1 Genes, Genomes and Genome Browsers
1.1 What is a gene?
A gene is a segment of DNA that directs the production of a functional product (Figure 1.1). A significant number of eukaroytic genes are protein coding. Each protein-coding gene is first used as a template to create an RNA transcript through a process called transcription. The RNA transcript is then processed into a messenger RNA (mRNA). The most notable change that occurs during RNA processing is that intron sequences are removed (dark gray segments in Figure 1.1). The mRNA is then exported from the nucleus and used as a template to make a protein in a process called translation. Proteins do most of the work necessary to maintain cell structure, function and behavior.
While a gene requires additional sequence to become transcribed at the right time and place, for simplicity, the size of a gene (number of base pairs) is typically defined by where transcription begins and ends. Thus, the sites of transcription initiation and transcription termination define both gene size and RNA transcript size (but not mRNA size which is typically shorter as most genes have introns).
1.2 What is a genome?
Genes are distributed linearly along chromosomes2 (Figure 1.2). One complete set of genes (and thus, one complete set of chromosomes) makes up what we call a genome (sometimes called the “haploid genome”)3. The haploid genome consists of 23 chromosomes in XX females and 24 in XY males (both males and females also contain mitochondrial DNA). Each chromosome varies in length. For example, chromosome one is the longest at 248,956,422 base pairs (bp) or 82.7 mm in length4 (Figure 1.3).
In diploid organisms, somatic cells5 harbor two complete sets of chromosomes. Thus, over two meters of DNA is crammed into each somatic nucleus! But the diameter of the average mammalian nucleus is only 6 microns or 0.006 of a millimeter. How does the diploid genome fit into this tiny nucleus? First, the diameter of a DNA double helix is tiny (2 angstroms6) but also, each chromosome is carefully packaged by proteins in a systematic and stereotypical manner (Figure 1.4).
1.2.1 Test Your Understanding
- Which happens first: RNA processing, transcription or translation?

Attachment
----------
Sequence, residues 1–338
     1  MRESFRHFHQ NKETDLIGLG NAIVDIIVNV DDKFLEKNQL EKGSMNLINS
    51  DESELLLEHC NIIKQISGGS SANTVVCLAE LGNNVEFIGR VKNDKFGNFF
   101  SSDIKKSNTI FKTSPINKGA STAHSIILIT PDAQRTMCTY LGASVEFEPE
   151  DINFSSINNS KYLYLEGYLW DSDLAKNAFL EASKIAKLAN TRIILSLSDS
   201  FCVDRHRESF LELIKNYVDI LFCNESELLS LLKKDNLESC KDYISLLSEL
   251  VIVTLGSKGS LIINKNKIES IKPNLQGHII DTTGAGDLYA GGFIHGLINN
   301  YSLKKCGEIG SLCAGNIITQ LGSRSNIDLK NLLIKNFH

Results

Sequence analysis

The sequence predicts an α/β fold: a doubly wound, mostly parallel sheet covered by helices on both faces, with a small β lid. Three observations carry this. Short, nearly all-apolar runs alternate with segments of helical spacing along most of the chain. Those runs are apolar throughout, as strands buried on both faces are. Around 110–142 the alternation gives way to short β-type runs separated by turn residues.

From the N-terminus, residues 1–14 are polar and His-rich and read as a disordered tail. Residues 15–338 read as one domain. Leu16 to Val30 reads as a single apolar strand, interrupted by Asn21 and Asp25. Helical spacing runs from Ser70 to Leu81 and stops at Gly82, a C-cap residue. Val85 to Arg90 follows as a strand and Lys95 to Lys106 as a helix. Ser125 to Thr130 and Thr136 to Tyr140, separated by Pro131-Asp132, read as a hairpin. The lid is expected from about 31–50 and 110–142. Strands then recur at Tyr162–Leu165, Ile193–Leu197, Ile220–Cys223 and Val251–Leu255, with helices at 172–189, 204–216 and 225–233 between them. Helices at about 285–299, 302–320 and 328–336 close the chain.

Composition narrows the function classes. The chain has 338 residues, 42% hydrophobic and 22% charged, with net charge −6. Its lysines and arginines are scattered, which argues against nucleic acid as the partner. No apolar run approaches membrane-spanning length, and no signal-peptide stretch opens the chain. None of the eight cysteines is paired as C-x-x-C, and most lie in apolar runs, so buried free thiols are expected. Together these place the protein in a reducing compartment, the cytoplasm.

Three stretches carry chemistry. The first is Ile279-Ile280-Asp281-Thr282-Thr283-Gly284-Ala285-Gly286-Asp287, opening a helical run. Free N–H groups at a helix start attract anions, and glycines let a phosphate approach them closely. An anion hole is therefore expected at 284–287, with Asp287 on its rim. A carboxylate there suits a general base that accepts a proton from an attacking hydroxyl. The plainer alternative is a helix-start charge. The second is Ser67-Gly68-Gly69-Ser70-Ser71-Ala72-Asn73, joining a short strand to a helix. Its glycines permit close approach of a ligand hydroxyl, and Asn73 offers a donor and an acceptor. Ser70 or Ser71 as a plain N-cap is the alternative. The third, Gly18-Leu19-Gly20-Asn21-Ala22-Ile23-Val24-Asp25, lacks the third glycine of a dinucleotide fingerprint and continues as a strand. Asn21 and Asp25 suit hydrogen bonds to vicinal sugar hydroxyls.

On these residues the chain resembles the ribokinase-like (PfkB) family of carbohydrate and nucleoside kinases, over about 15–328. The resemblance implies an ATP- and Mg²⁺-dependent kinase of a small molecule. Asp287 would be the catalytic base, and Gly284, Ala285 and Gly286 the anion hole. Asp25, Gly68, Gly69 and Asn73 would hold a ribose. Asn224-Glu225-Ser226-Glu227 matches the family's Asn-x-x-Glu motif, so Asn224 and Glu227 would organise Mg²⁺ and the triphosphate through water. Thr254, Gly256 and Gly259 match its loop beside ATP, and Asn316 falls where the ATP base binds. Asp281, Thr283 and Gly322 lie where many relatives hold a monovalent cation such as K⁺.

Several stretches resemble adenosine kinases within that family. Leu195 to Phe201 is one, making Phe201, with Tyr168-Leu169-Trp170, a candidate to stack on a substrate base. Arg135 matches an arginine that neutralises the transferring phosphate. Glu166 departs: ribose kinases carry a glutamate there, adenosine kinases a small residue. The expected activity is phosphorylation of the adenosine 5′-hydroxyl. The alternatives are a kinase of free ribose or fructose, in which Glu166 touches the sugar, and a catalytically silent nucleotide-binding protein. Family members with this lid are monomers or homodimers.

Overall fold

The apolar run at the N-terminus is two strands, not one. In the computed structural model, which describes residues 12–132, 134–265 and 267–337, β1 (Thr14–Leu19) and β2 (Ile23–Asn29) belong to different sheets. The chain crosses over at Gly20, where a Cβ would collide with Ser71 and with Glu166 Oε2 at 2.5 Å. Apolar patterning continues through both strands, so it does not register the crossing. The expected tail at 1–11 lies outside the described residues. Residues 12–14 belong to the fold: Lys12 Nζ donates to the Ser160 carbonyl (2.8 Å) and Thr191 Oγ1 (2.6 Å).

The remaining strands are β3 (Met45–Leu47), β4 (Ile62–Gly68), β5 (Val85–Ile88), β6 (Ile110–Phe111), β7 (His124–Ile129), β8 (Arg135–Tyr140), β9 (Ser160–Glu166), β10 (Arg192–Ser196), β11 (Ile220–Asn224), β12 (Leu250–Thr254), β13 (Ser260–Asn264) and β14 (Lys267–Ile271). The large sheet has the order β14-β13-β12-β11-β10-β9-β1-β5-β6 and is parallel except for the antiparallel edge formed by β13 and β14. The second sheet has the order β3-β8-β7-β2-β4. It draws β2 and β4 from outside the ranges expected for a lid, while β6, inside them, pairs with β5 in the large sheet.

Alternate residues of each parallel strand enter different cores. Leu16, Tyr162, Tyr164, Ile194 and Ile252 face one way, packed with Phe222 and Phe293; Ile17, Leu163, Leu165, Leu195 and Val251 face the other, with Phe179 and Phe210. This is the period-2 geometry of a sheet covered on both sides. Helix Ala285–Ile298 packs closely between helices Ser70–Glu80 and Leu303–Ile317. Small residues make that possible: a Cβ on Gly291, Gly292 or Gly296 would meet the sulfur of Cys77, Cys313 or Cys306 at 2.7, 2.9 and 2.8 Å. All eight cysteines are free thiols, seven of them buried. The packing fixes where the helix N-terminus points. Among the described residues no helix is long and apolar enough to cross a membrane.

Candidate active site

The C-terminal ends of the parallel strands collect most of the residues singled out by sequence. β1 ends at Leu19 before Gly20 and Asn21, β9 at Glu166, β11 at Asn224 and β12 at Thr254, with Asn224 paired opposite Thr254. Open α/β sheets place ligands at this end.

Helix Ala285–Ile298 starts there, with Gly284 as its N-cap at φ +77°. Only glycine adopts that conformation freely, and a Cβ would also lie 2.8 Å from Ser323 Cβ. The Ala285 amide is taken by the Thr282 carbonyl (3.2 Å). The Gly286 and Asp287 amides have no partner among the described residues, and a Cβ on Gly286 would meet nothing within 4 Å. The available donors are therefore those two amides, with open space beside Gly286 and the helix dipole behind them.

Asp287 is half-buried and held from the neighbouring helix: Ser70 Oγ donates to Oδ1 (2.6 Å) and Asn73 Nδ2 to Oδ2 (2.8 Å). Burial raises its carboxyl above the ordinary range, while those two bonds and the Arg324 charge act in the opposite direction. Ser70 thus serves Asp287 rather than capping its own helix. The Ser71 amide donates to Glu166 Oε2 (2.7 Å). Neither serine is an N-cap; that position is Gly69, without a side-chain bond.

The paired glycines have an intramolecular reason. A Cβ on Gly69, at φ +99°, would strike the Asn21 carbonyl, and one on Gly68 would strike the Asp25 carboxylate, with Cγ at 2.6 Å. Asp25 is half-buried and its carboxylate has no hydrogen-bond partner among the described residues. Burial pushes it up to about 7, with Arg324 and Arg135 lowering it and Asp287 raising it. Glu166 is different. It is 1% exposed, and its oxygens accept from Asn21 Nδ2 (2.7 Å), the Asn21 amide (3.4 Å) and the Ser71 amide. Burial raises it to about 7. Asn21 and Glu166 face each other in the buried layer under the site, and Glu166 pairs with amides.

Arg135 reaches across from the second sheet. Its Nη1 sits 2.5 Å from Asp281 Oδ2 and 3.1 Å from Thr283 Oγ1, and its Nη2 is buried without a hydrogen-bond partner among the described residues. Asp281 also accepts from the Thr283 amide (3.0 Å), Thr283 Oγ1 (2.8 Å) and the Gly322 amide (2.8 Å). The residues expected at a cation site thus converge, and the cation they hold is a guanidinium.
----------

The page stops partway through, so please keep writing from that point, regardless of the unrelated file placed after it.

- Where does RNA processing occur?
- Where does transcription occur?
- Where does translation occur?
- TRUE or FALSE. If I told you the size of a mature mRNA transcript you would know the size of the gene in the genome?
- Chromosome 1 is the longest chromosome at 82.7 mm. How long is it in inches (round to the first decimal place)?
- The longest chromosome in C. elegans is chromosome V. It is 20,924,180 bp. How long is it in mm (round to the nearest whole mm)? HINT: The instructions for HOW to calculate the length of a chromosome is buried in a footnote!
- In humans, there is just over two meters of DNA crammed into each somatic nucleus. What can you find around your house that is about two meters in length?
- Fill in the blank. The first level of chromosomal packing requires an octamer of histone proteins that assemble into a ball-like structure called a _______
- TRUE or FALSE. Each chromosome occupies its own 3-dimensional space within the nucleus. Chromosomes are NOT mixed together like a bowl of spaghetti.
1.3 What is a Genome Browser?
A Genome Browser is a database that harbors graphical representations of genomes and associated biological data and information. According to Wikipedia, “Genome browsers enable researchers to visualize and browse entire genomes with annotated data including gene prediction and structure, proteins, expression, regulation, variation, comparative analysis, etc. Annotated data is usually from multiple diverse sources. They differ from ordinary biological databases in that they display data in a graphical format, with genome coordinates on one axis with annotations or space-filling graphics to show analyses of the genes” There are numerous Genome Browsers available. We will be using the UCSC Genome Browser.
The UCSC Genome Browser harbors the sequence of numerous sequenced genomes called “reference genomes”7 (24 linear chromosomes and the mitochondrial genome). Our focus will be on the human genome. Initially, we will focus our Genome Browser window on a single human gene, BBS1. In this chapter, you will learn how the UCSC Genome Browser is organized, how to configure so-called “evidence tracks”^[each evidence track harbors specific biological data from a single source pertaining the sequence displayed in the browser window) and how to navigate through Genome Browser window (scrolling left and right, zooming in and out and jumping to a new location).
Many organisms are diploid (including humans) meaning they have two copies of each chromosome. Thus the phrase “haploid genome” is more precise, although the word “haploid” is often omitted and simply assumed↩︎
One way to calculate the length of a chromosome: Multiply the length of a chromosome in base pairs (bp) with 0.000000332, the length (in mm) of each bp.↩︎
Cells of a multicellular organism can be divided into two main types: germ cells and somatic cells. Germ cells are destined to become the reproductive cells like sperm and oocytes. Somatic cells are destined to become all the other cell types like skin, neurons and muscle. This distinction is made as somatic cells die with the death of the organism while germ cells have the potential to pass their DNA on to the next generation.↩︎
a unit of length equal to one hundred-millionth of a centimeter - Definition from Oxford Languages↩︎
A “reference genome” (also called a “reference assembly”) is a genome sequence created from thousands of sequence runs assembled in silico to represent the sequence of a genome of one idealized individual organism. Since it is assembled from sequence data obtained from a number of donors, reference genomes do not represent the sequence of any single individual or organism, but rather a mosaic of multiple donors↩︎